"I think it's fantastic," says Richard T. Hines, a Washington lobbyist with South Carolina roots, referring to Virginia Republican Rep. Virgil H. Goode Jr.'s address on "Robert E. Lee the Virginian," to be delivered Wednesday at the Sons of Confederate Veterans' (SCV) Jefferson Davis Camp 305 Christmas party.
"It's time that we are reminding folks of the principles that built this country, the loyalty that Robert E. Lee had to the small platoon, the loyalty that he had to the state, that's what Robert E. Lee was all about," said Mr. Hines, who finds similar character traits in Mr. Goode.
"Virgil was born an independent in Virginia, and he joined the GOP [Republican Party] very reluctantly," he notes. "He is an independent-minded, conservative Virginian."
Following Mr. Goode's remarks, SCV National Commander in Chief Chris Sullivan will be on hand at the Holiday Inn Rosslyn in Arlington to present the congressman with the Stephen D. Lee Award on what is the 200th anniversary of Lee's birth — which, we might add, the SCV isn't celebrating without controversy.
In Richmond, for example, the city government has been criticized for spending a half-million dollars to "polish the controversial monument of Confederate Gen. Robert E. Lee in time for the Sons of Confederate Veterans to celebrate his birthday."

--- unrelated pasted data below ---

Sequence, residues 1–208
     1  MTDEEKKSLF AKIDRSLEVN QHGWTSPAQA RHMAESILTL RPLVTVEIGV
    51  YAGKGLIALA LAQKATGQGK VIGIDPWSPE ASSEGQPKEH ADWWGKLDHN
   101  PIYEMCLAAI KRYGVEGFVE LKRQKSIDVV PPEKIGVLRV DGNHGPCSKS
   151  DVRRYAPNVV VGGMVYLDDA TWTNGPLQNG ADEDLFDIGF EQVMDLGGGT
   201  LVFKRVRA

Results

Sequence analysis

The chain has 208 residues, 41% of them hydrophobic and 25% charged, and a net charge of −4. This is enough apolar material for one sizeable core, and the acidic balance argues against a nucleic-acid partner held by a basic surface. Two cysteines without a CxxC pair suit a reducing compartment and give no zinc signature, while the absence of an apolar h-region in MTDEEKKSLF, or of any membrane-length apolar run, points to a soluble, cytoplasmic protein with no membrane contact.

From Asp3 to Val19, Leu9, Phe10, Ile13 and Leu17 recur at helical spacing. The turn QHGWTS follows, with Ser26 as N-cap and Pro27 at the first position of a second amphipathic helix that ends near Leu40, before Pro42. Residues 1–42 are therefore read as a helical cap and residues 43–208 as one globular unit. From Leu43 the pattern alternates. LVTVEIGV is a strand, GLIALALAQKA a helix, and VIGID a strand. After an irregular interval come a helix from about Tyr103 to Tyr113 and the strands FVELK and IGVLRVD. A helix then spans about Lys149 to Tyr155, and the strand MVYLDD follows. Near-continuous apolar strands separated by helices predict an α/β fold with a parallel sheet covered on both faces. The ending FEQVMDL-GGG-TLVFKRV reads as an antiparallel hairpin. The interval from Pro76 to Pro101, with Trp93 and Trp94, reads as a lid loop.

"Last year, the Department of General Services shelled out some $450,000 to clean up the statue," adds the outspoken anti-Lee group the Richmond Defender, referring to the statue on Monument Avenue. "And last fall, the state's Department of Historic Resources added the statue to the official Virginia Landmarks Register, also in preparation for Lee's birthday."
Short of a murder without a body, there's nothing the 24-hour cable-TV news channels relish more than the formation, landfall and effects of a hurricane.
It's now gotten to the point where there is tremendous media hype surrounding a new trend of so-called "hurricane experts" making annual predictions of the number of storms that will unleash their fury (and much-needed rain, thank you) on the overdeveloped coastlines (and drought-stricken regions) of the U.S.
Now, the nonpartisan National Center for Public Policy Research is criticizing the National Oceanic and Atmospheric Administration (NOAA) for "inflating" the count of tropical storms.
John McCaslin is a contributing columnist on Townhall.com and author of Inside The Beltway: Offbeat Stories, Scoops, and Shenanigans from around the Nation's Capital .
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